You Can’t Lose Trading Commodities


  • Format: PDF
  • Pages: 396
  • Published Date: 1998


In You Can’t Lose Trading Commodities, Master Wiest shows that with proper position sizing you can consistently make profits even if you let losses run and cut your profits short. Wiest’s trustee on trading commodities centers around a money management technique known as Scale trading. Scale trading technique involves accumulating a commodity as its price declines and selling as prices rebound. You will be holding a long position with no stops when the seasonal cycle bottoms. Stocks can go to zero, but commodities cannot. Low prices reduce supply as costs make it unprofitable to produce a commodity. The lower prices causes users to substitute this commodity for others increasing demand and raising prices.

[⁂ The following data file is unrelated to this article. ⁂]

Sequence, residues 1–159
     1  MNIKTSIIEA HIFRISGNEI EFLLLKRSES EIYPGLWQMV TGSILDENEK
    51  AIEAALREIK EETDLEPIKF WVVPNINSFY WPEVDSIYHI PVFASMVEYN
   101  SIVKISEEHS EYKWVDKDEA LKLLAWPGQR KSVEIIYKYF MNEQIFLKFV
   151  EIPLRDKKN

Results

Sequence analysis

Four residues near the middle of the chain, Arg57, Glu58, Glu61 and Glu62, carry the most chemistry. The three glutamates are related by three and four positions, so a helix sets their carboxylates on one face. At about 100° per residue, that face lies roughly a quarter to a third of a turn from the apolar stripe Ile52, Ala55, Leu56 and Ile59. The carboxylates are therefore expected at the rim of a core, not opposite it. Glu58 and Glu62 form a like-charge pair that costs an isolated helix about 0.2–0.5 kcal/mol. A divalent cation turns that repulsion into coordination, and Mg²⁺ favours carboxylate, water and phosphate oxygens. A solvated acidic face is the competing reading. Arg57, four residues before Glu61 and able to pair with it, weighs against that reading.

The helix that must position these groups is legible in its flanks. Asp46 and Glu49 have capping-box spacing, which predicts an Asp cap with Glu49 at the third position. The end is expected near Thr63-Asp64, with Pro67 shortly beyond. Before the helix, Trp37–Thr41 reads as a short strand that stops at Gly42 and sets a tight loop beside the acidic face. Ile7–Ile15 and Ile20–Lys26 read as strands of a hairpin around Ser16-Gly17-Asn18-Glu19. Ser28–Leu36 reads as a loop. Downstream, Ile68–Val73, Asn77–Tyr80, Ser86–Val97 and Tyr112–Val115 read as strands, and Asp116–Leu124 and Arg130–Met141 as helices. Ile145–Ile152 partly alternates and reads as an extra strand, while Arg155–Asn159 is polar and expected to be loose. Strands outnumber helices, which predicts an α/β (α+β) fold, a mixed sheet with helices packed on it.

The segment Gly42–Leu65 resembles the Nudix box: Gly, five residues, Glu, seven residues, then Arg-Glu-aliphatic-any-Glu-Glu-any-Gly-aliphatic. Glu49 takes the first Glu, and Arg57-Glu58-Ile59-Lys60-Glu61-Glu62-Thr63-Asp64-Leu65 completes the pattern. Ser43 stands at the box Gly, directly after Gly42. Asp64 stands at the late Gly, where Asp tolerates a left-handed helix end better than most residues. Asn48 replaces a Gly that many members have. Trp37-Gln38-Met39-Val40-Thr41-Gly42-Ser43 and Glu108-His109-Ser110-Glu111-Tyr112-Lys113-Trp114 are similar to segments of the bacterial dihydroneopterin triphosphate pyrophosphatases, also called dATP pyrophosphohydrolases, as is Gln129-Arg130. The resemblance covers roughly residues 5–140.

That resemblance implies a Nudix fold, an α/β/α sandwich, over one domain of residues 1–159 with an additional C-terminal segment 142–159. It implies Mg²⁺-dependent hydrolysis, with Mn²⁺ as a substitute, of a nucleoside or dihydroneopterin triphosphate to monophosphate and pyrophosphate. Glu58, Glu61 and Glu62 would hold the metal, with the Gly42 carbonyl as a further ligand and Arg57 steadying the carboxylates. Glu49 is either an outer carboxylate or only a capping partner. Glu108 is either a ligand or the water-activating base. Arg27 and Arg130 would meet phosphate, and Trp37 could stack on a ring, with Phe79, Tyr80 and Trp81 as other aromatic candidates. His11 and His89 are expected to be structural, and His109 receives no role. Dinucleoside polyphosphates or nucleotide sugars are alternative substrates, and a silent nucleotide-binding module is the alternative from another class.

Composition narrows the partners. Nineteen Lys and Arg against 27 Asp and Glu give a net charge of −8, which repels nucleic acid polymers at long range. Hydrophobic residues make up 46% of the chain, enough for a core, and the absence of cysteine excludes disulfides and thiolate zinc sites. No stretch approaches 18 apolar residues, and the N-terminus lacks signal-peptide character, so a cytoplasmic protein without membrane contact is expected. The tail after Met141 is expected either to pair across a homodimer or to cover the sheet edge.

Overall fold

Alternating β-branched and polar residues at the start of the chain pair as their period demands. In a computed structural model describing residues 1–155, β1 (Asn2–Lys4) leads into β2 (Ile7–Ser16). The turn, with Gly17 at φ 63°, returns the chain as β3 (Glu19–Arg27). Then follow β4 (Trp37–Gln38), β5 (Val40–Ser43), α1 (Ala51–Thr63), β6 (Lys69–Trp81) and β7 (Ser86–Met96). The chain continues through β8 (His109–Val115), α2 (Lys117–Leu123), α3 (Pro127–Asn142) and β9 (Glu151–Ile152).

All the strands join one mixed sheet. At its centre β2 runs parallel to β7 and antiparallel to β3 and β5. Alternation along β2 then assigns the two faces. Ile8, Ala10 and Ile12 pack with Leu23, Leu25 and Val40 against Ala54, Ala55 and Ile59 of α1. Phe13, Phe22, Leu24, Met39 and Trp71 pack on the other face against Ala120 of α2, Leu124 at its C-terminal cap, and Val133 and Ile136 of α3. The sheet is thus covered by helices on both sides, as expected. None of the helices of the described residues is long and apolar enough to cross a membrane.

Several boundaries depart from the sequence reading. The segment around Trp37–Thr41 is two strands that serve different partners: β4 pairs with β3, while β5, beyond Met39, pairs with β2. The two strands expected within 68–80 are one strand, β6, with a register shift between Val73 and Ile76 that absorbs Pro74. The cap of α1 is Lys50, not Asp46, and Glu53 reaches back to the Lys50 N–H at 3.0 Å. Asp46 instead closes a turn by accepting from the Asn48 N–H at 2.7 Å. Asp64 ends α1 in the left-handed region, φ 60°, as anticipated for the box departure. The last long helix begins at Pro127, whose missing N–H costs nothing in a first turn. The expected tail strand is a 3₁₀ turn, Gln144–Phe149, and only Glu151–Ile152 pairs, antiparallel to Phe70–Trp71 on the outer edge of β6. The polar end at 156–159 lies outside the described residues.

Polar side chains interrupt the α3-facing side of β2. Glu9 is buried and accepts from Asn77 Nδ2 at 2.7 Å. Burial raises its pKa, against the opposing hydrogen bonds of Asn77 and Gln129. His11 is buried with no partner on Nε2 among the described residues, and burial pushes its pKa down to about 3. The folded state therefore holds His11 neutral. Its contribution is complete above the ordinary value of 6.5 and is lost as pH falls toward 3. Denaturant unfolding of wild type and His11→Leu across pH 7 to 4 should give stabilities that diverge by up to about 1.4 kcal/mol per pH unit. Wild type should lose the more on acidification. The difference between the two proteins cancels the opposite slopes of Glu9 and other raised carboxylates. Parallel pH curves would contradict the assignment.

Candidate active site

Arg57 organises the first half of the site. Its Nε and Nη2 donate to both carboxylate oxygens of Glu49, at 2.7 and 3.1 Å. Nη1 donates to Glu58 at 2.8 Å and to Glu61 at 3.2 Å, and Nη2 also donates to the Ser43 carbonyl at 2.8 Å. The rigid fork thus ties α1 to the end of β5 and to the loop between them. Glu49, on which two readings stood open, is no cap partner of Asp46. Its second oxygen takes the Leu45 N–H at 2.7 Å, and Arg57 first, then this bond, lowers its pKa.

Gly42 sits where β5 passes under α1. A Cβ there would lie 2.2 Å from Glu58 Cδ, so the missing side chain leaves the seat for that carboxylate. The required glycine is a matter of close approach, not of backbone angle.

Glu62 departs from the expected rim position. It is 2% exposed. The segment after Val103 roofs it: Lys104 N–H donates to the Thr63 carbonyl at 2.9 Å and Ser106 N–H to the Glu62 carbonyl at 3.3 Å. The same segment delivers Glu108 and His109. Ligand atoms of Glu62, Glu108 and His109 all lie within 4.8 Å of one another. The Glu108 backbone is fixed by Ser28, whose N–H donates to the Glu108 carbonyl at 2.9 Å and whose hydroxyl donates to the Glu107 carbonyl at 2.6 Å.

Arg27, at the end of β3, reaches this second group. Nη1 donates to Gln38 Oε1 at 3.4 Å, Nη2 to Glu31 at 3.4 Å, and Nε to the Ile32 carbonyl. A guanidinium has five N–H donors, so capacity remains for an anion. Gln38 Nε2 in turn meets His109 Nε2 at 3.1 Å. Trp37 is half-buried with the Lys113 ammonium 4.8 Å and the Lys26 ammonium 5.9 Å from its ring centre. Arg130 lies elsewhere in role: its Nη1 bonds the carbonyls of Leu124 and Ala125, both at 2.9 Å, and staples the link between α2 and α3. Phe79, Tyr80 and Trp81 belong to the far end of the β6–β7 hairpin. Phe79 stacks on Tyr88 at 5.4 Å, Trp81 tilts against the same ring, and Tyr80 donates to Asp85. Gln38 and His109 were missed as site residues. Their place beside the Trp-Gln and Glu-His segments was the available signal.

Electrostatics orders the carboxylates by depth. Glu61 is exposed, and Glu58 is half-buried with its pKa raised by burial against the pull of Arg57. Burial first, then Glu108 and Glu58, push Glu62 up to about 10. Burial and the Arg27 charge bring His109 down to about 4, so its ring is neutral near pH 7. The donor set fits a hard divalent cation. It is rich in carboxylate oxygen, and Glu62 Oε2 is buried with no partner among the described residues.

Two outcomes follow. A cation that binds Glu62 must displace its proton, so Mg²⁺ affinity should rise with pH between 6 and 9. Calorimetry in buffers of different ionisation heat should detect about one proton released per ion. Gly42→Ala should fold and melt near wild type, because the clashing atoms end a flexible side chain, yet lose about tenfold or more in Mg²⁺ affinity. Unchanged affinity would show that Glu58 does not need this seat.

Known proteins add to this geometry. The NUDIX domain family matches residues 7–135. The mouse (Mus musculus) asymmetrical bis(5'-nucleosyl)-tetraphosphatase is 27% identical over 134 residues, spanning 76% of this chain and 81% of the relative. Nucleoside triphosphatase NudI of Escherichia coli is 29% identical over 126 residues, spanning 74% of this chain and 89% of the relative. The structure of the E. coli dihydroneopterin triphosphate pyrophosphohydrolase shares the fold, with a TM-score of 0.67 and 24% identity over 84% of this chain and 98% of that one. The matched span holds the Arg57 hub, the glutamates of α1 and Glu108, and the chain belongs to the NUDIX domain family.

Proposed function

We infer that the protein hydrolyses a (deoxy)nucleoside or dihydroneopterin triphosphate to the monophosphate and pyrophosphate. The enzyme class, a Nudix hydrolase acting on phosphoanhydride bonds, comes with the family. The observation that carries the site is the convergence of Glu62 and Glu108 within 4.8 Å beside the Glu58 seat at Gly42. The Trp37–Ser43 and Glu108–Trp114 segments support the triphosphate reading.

Scale trading involves placing your orders ahead of time to buy at increments down and selling on resting orders at prices slightly above costs. Because you take your profits quick and increase your losing positions, there may be long periods of time when you are sitting with losses and short periods when you have profits. Wiest’s position sizing technique is how he pulls consistent profits out of scale trading. Letting your losses run and cutting your profits short uses a relatively large amount of capital to produce modest consistent gains.

The number of contracts traded in a Scale Trading system, fluctuates in accordance with each market’s volatility. After catching the absolute bottom which Wiest often does he always gets out before the market makes its real move. A simple trailing stop instead of scaling resting orders would catch the rest of the seasonal move. Like many successful trading techniques, scale trading is intended only to supplement your ordinary income, not to replace it.


  • The Las Vegas System
  • Supply /Demand
  • The Scale Trading System
  • Why You Can’t Lose
  • The Bank roll
  • Selecting  the Scale
  • Worth 10,000 Words
  • The Mid America Contract
  • Taking a Profit
  • How Can I Lose?
  • Taking a Loss
  • The Complex Scale
  • Scaling from the Short Side
  • Starting Too High
  • The Rollover
  • Compensating for Carrying Charges